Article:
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University of Washington Health Sciences Library

Evidence-Based Practice

Before you begin

  1. Clarify and state your question - see PICO
  2. Acquire the evidence - see Finding Evidence

Appraising the literature

Critical appraisal is a systematic analysis of research articles to determine the strength of the evidence in reference to your clinical question. Systematically review the different aspects (below) of each study to answer the following questions:

  1. What were the strengths of the study and the overall rigor of the study in terms of credibility?
    • Quality of evidence is based on the level and strength of the study.
      1. Level of evidence: Various scales have been developed to rank; e.g., PEDro scale
      2. Strength of evidence is based on the methodological limitations and/or threats to validity that may affect interpretation of findings and generalization of results.
  2. How are the results of this study relevant to your clinical question? How might the results influence clinical practice?
    • Applicability of evidence is based on its relevance to your question.
    • How are the results of this study relevant to your clinical question? How might the results influence clinical practice?

Study designs

What is the study design?

  • Qualitative study design examples: phenomenology, ethnography, grounded theory, participatory action research.
  • Quantitative study design examples: randomized (RCT), cohort, single-case, before and after, case-control, cross-sectional or case study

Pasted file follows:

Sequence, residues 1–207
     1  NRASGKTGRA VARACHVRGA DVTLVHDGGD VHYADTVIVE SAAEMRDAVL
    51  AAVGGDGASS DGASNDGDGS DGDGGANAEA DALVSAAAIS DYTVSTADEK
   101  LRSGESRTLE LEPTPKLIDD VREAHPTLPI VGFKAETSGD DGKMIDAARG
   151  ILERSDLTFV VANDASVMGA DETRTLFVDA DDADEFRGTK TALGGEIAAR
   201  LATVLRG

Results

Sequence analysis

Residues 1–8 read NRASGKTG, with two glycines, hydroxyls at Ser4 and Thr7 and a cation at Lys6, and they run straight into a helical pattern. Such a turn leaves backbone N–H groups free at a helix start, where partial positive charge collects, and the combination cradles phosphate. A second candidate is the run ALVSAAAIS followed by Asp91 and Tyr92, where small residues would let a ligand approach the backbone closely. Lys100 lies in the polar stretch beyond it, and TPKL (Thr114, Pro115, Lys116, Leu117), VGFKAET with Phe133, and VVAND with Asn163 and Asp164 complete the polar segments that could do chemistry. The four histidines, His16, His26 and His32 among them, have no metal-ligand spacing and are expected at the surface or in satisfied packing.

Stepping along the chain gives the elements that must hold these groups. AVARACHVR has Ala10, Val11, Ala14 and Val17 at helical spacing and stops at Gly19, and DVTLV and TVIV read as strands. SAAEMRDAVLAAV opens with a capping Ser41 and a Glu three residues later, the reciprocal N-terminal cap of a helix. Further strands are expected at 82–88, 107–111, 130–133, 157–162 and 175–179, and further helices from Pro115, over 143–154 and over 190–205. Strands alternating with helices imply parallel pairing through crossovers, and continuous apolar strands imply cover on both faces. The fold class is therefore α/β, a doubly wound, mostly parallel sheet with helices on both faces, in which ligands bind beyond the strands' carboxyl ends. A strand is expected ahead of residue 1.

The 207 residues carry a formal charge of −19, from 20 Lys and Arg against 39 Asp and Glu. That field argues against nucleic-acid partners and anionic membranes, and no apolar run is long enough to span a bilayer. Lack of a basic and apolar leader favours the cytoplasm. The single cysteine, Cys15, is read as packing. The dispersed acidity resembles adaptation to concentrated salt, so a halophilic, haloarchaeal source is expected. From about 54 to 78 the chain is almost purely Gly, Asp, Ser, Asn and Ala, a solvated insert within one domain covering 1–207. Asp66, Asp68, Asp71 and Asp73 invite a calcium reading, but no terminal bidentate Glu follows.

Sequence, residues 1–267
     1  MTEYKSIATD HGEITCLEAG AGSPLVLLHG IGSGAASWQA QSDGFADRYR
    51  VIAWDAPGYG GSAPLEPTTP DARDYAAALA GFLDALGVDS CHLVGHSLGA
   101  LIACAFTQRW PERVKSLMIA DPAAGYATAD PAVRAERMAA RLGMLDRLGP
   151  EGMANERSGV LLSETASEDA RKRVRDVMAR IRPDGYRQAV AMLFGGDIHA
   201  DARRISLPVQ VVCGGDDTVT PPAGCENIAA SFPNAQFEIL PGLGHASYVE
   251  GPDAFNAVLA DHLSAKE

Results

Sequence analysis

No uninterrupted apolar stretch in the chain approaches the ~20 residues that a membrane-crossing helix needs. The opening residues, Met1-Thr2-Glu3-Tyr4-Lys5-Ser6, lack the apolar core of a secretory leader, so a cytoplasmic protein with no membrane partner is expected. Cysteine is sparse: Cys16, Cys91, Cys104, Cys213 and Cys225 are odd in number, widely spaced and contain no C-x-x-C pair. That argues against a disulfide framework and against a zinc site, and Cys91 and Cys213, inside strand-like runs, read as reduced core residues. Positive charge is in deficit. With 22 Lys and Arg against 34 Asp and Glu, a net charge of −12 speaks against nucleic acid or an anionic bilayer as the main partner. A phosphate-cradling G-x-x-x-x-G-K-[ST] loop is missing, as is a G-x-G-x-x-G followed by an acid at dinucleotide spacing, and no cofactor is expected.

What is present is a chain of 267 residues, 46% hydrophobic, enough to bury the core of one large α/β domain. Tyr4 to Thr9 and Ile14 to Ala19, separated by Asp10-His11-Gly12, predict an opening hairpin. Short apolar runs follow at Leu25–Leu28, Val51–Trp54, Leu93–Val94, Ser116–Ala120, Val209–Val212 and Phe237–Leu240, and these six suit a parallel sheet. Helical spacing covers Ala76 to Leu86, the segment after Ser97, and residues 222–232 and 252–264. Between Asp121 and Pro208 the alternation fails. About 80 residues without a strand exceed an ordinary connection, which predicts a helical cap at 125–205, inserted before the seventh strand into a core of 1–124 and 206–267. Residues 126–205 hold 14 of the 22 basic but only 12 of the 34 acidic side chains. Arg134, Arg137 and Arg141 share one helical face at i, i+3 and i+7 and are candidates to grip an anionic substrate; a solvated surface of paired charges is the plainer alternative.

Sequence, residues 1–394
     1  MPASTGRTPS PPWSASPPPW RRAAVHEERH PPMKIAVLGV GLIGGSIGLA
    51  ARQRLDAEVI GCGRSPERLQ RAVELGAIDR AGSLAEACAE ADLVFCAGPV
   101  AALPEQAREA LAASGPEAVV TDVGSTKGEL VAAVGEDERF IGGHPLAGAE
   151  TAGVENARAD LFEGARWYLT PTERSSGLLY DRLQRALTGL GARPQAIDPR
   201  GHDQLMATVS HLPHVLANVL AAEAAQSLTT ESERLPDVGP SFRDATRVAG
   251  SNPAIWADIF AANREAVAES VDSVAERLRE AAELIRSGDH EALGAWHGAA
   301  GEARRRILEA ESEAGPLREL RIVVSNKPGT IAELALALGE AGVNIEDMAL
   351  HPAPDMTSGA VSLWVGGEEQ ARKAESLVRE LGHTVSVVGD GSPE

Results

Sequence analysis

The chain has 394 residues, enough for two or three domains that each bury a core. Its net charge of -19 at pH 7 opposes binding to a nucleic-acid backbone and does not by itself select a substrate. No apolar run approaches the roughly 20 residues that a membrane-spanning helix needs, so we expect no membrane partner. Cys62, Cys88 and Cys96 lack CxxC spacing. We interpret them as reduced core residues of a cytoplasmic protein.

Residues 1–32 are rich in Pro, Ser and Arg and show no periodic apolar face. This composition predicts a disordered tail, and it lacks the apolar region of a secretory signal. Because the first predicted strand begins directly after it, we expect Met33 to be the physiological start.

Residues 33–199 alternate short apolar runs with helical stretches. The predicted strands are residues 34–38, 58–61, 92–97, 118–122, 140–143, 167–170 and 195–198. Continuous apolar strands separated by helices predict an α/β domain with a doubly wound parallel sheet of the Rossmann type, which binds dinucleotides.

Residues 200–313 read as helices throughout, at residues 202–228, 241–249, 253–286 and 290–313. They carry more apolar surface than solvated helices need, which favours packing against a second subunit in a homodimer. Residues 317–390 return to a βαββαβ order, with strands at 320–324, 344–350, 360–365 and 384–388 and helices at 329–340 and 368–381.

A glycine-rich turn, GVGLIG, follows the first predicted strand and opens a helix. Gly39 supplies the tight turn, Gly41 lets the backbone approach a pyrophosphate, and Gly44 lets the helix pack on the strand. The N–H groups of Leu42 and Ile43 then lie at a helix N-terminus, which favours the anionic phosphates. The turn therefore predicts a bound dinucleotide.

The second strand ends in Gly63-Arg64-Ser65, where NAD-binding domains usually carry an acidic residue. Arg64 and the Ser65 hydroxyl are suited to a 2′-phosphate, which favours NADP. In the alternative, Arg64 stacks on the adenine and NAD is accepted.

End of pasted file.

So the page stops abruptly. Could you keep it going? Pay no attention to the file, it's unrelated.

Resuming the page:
Further readings on study design:

Setting & participants

Setting:

  • Was the setting appropriate to answer the research question?

Participants/Sample:

  • How were participants recruited?
  • What were the inclusion/exclusion criteria?
  • How many participants participated? How many were lost through attrition?
  • What were the participant demographics?
  • If more than one group, was there similarity between groups?

Intervention & outcome measures

Intervention(s):

  • Was the intervention clearly described?
  • Who delivered the intervention and how often?
  • Was there cross-contamination between interventions?
  • Was there a break-in period?

Outcome measure(s):

  • What instruments or methods were used to measure the variables? Examples include participant observation, interviews, focus groups, instruments, devices & questionnaires.
  • Did the authors use measures with documented evidence of validity and reliability?
  • Was the procedural reliability documented?
  • How frequently were the participants measured?

Results & conclusions

Main results or key findings:

  • What were the results?
  • Was there statistical difference? What was the effect size?
  • How were the results analyzed and were the analysis methods appropriate?

Authors' interpretation/conclusion:

  • What was the clinical relevance of the study and the results?

Appraisal worksheets and checklists

Critical appraisal